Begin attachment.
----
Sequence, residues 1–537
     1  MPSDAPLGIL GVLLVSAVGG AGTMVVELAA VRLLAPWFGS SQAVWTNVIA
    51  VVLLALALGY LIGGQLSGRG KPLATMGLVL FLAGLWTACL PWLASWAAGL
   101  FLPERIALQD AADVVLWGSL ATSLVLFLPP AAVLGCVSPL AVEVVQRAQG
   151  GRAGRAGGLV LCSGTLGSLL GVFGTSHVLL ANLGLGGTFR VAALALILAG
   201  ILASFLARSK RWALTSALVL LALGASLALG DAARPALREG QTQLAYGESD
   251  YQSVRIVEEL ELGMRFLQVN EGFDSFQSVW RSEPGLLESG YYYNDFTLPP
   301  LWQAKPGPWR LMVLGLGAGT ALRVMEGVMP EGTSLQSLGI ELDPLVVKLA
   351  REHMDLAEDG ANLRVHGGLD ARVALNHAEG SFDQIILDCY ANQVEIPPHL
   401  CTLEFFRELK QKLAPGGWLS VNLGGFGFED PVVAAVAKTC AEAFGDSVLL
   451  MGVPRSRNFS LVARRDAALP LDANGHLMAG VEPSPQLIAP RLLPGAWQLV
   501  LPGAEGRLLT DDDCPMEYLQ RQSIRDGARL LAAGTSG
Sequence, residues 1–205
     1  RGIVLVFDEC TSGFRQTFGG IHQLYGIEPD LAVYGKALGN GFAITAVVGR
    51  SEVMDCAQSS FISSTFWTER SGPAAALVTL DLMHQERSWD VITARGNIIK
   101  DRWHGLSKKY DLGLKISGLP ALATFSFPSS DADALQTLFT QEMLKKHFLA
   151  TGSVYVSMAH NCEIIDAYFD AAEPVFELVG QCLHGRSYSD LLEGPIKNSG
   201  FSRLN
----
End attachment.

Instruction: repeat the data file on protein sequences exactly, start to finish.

Sequence, residues 1–537
     1  MPSDAPLGIL GVLLVSAVGG AGTMVVELAA VRLLAPWFGS SQAVWTNVIA
    51  VVLLALALGY LIGGQLSGRG KPLATMGLVL FLAGLWTACL PWLASWAAGL
   101  FLPERIALQD AADVVLWGSL ATSLVLFLPP AAVLGCVSPL AVEVVQRAQG
   151  GRAGRAGGLV LCSGTLGSLL GVFGTSHVLL ANLGLGGTFR VAALALILAG
   201  ILASFLARSK RWALTSALVL LALGASLALG DAARPALREG QTQLAYGESD
   251  YQSVRIVEEL ELGMRFLQVN EGFDSFQSVW RSEPGLLESG YYYNDFTLPP
   301  LWQAKPGPWR LMVLGLGAGT ALRVMEGVMP EGTSLQSLGI ELDPLVVKLA
   351  REHMDLAEDG ANLRVHGGLD ARVALNHAEG SFDQIILDCY ANQVEIPPHL
   401  CTLEFFRELK QKLAPGGWLS VNLGGFGFED PVVAAVAKTC AEAFGDSVLL
   451  MGVPRSRNFS LVARRDAALP LDANGHLMAG VEPSPQLIAP RLLPGAWQLV
   501  LPGAEGRLLT DDDCPMEYLQ RQSIRDGARL LAAGTSG
Sequence, residues 1–205
     1  RGIVLVFDEC TSGFRQTFGG IHQLYGIEPD LAVYGKALGN GFAITAVVGR
    51  SEVMDCAQSS FISSTFWTER SGPAAALVTL DLMHQERSWD VITARGNIIK
   101  DRWHGLSKKY DLGLKISGLP ALATFSFPSS DADALQTLFT QEMLKKHFLA
   151  TGSVYVSMAH NCEIIDAYFD AAEPVFELVG QCLHGRSYSD LLEGPIKNSG
   201  FSRLN